These Are the Songs That Never End

Sugarhill Gang, Cat Power, Bob Dylan, Umm Kulthum. Photos: Getty Images/Matador Records

Ever since the length of a 10-inch phonograph record playing at 78 RPM set the standard, people have assumed that the default length of a song is, you know, three or four minutes, something like that. Of course, a lot of pre-recording-era songs were longer–sometimes much longer. One of the Child Ballads, the fifteenth-century showstopper “A Gest of Robyn Hode,” goes on for a staggering 456 verses.

Still, it’s always a bold move when certain kinds of musicians record songs that crack, or smash, the ten-minute wall. It’s not terribly surprising when jam bands or progressive-rock acts go on at enormous length, obviously. The current champion in that category would probably be the Flaming Lips’ 24-hour-long “7 Skies H3.” Here’s the first six hours of it.
http://www.youtube.com/watch?v=C0rIDNtaub0
Monologues that don’t have to rhyme or scan, like Arlo Guthrie’s 18-minute-plus “Alice’s Restaurant Massacree,” can go on for a while too. The same goes for dance mixes, like the Orb’s 39:57 mix of their 1992 single “Blue Room,” which became the longest track ever to make the British singles charts. (The rule, in those days, was that any recording over 40 minutes long was counted as an album for chart purposes.)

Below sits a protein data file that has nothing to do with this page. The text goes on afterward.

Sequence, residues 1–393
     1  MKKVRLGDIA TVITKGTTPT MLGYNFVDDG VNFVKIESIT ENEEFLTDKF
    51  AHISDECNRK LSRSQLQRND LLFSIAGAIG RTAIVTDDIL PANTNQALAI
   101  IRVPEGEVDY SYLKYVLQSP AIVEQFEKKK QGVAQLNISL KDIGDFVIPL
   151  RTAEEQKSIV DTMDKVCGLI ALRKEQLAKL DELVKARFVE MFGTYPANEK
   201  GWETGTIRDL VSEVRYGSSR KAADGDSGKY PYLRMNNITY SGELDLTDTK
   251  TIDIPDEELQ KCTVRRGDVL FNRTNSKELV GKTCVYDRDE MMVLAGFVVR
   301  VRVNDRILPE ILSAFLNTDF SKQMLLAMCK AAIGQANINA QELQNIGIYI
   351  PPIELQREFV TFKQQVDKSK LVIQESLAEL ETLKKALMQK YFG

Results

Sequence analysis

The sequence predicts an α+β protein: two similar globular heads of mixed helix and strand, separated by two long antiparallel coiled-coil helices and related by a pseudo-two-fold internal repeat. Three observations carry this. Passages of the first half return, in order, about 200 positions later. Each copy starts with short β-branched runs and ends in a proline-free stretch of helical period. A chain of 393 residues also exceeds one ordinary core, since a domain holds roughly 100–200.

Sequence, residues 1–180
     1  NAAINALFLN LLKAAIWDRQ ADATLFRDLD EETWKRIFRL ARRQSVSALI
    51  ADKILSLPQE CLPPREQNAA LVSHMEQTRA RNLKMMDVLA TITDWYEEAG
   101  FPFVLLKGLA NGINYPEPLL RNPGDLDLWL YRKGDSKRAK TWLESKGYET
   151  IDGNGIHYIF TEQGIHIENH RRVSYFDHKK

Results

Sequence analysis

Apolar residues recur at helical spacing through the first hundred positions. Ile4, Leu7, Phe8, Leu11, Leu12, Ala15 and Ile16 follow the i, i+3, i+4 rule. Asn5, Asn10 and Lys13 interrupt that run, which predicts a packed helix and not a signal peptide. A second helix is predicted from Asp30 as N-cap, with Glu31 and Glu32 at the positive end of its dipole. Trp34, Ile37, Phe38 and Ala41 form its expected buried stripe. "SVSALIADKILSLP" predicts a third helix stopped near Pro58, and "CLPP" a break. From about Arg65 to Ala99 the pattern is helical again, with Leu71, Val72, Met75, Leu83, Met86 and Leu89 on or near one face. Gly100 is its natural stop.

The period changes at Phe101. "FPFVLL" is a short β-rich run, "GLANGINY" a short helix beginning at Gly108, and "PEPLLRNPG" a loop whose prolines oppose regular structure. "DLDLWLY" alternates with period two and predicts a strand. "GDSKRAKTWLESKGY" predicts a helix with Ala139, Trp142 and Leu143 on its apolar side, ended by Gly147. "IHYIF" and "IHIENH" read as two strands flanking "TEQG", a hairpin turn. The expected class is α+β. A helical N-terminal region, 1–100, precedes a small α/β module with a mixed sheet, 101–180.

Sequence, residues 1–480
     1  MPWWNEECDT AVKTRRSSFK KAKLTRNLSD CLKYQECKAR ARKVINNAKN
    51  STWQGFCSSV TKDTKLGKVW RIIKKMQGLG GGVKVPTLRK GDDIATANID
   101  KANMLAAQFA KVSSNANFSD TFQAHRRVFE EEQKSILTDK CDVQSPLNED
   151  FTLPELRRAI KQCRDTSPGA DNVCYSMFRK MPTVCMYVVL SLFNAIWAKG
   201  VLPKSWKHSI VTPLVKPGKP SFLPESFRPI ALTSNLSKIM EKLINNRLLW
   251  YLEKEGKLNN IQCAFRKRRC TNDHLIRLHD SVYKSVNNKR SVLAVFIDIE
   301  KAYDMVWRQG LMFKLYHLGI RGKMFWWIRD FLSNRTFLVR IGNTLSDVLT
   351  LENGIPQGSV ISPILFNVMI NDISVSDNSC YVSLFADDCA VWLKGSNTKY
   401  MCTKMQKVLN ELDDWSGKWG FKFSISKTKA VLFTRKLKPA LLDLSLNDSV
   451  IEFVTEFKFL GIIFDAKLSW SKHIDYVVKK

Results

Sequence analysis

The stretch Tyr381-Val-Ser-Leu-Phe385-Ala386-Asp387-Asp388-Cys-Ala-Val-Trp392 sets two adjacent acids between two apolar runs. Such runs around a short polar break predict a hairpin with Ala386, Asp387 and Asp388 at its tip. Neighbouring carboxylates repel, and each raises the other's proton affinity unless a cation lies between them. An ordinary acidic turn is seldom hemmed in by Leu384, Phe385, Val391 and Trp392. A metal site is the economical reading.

http://www.youtube.com/watch?v=lz8EKpAymFM
And musicians whose art is built around improvisation or grooves often play a single number at great length. (There’s a probably apocryphal story about John Coltrane telling Miles Davis that he’d just played an epic solo because he couldn’t figure out how to stop, and Davis advising him to try taking the horn out of his mouth.) The legendary Egyptian singer Umm Kulthum often drew out a single song for two hours or more. Let’s just take a moment to watch this classic performance by her, shall we? And by “a moment,” I mean “56 minutes.”

Embedded from www.youtube.com.